Most supermarkets (and anywhere else you would buy a saucepan) will have shelves full of potjies (along with the Dutch ovens we are more familiar with in the UK) with sizes varying from cricket balls for sauces up to ones you could boil a small missionary in.

http://www.potjiekosworld.com/equipment/

A quick look at Graces guide shows Toddy’s Carron Co ironworks were around from the mid 18th C but that there was a split in the early 19th C when the Falkirk Iron Co was founded.

https://www.gracesguide.co.uk/Carron_Co

https://www.gracesguide.co.uk/Falkirk_Iron_Co

Not sure what (if any) the connection is between the Falkirk Iron Co and its Durban namesake which made potjies in South Africa until the 1990s - if you scroll to the bottom of the recipes listed below, you will see a “Falkirk” branded potjie in use.

https://briefly.co.za/19100-traditional-south-african-potjiekos-recipes.html

Here is my potjie on its very first outing, camping in the bush in KwaZulu Natal.

1DC4E890-1599-4FB7-8CD5-7930E6437C69.jpeg

It subsequently spent three years bouncing around in the back of my Landy in the African bush and has produced hundreds of delicious meals and still gets regular use. :)
 

Toddy

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I have to say that that pot is really a modern well made clone of my very old one, apart from the legs.

The Carron Valley Iron company was founded in 1759, and Falkirk is a nearby town.

@Le Loup
I don't know what weight is in your trade kettle, but this little iron pot isn't as heavy as one might expect. It's actually a fair bit lighter than any of my other cast iron pieces.
I'll weigh it if you want to compare ?

The shorter and spikier the legs, supposedly the older the pot, until we get very modern ones without.

M
 
I have to say that that pot is really a modern well made clone of my very old one, apart from the legs.

The Carron Valley Iron company was founded in 1759, and Falkirk is a nearby town.

@Le Loup
I don't know what weight is in your trade kettle, but this little iron pot isn't as heavy as one might expect. It's actually a fair bit lighter than any of my other cast iron pieces.
I'll weigh it if you want to compare ?

The shorter and spikier the legs, supposedly the older the pot, until we get very modern ones without.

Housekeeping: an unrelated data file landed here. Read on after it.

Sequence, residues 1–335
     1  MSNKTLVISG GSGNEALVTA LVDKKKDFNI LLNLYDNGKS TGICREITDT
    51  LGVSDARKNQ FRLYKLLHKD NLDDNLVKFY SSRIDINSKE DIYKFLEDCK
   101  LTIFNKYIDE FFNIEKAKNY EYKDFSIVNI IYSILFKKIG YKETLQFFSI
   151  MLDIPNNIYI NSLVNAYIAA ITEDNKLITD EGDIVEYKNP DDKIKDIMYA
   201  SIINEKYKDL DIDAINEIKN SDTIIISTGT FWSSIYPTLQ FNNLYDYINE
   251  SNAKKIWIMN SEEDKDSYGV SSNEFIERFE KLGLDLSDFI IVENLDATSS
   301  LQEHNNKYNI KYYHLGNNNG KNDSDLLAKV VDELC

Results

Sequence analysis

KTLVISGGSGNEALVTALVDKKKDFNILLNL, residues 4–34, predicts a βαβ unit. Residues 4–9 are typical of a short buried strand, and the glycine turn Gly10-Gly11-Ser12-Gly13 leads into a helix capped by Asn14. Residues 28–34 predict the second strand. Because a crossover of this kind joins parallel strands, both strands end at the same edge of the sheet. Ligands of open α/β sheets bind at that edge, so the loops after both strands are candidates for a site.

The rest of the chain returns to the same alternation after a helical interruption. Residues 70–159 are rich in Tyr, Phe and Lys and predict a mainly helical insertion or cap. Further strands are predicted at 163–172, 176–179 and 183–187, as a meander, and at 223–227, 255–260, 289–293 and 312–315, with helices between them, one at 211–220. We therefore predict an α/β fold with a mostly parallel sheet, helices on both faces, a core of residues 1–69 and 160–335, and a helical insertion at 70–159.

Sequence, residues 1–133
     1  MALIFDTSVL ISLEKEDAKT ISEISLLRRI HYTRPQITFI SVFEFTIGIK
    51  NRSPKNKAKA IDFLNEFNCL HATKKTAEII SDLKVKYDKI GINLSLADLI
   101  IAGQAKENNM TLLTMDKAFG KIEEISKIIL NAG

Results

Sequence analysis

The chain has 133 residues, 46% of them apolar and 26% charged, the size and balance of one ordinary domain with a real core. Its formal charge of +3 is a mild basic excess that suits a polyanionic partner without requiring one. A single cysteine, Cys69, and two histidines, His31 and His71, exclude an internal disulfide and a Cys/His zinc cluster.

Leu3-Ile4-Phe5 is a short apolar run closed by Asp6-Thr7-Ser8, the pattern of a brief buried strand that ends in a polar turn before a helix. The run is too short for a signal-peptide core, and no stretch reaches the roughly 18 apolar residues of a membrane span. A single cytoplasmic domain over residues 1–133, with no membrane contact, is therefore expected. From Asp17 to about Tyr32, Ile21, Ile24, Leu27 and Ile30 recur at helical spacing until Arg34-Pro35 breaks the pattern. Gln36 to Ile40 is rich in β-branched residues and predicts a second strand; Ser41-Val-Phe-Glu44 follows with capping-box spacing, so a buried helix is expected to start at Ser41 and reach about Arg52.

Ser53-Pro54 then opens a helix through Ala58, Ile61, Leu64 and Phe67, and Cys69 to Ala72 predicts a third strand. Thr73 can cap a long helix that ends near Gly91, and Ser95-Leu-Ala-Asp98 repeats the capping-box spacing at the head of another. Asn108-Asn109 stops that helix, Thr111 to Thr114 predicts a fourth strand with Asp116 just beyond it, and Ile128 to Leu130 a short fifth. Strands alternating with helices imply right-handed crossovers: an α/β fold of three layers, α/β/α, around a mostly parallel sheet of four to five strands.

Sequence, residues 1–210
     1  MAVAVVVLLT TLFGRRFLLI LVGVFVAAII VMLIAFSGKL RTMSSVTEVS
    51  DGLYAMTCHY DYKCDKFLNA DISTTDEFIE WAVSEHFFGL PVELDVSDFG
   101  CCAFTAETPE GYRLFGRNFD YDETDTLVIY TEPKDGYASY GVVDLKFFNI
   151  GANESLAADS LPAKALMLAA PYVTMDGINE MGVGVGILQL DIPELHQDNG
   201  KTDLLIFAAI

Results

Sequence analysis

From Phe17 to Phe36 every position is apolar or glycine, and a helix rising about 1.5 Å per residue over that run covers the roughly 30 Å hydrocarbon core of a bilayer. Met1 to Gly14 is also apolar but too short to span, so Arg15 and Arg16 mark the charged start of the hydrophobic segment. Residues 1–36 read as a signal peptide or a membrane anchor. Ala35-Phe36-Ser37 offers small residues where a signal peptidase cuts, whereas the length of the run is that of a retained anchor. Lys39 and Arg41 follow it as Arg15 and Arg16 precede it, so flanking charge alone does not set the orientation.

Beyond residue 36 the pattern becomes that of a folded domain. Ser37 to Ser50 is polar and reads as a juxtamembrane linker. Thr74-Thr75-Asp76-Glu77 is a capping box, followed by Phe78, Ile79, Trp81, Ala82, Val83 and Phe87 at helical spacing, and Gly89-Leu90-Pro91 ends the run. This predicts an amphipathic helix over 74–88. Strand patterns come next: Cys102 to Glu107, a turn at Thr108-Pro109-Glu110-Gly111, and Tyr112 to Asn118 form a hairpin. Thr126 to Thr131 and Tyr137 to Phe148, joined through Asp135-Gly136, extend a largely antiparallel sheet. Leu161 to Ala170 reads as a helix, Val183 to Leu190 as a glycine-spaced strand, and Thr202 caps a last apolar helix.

M
My brass kettle weighs 476 grams Toddy.
Regards, Keith.
 
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Erbswurst

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One is for carring it, the other for the house, I guess. I thing the cast iron pot is mainly lighter, because people where poor and the material expensive.

The brass kettle of 476 g has which volume???

The spoon weights what?
Does it have a normal size like most stainless spoons nowadays?

Wooden spoons had been standard in most houses until when? Was there only wood and silver or did other spoons exist as well?
Was the wooden spoon carried in the woods because it is lighter than metal or was that simply the standard 300 years ago?
 
One is for carring it, the other for the house, I guess. I thing the cast iron pot is mainly lighter, because people where poor and the material expensive.

The brass kettle of 476 g has which volume???

The spoon weights what?
Does it have a normal size like most stainless spoons nowadays?

Wooden spoons had been standard in most houses until when? Was there only wood and silver or did other spoons exist as well?
Was the wooden spoon carried in the woods because it is lighter than metal or was that simply the standard 300 years ago?
The majority of 17th & 18th century kettles for the home & for trade were made from brass or copper.
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1) My tin lined brass kettle holds 1 Litre 100 or 2 pints up to the bottom of the lugs.
2) This wooden spoon is desert size & weighs 29 grams.
3) Spoon materials were generally wood, pewter or silver. Obviously the middling sort used either wood or pewter.
4) What spoon type was carried was purely personal choice & availability I would imagine, there is very little primary information of what spoons woodsrunners carried. I would imagine that some carried no spoon at all or kettle. Again, personal choice & dependent on the nature of the venture.
I carry a wooden spoon because it suits my character, I prefer a wooden spoon. It is lighter than a pewter spoon & I would not likely be using a silver spoon.
Keith.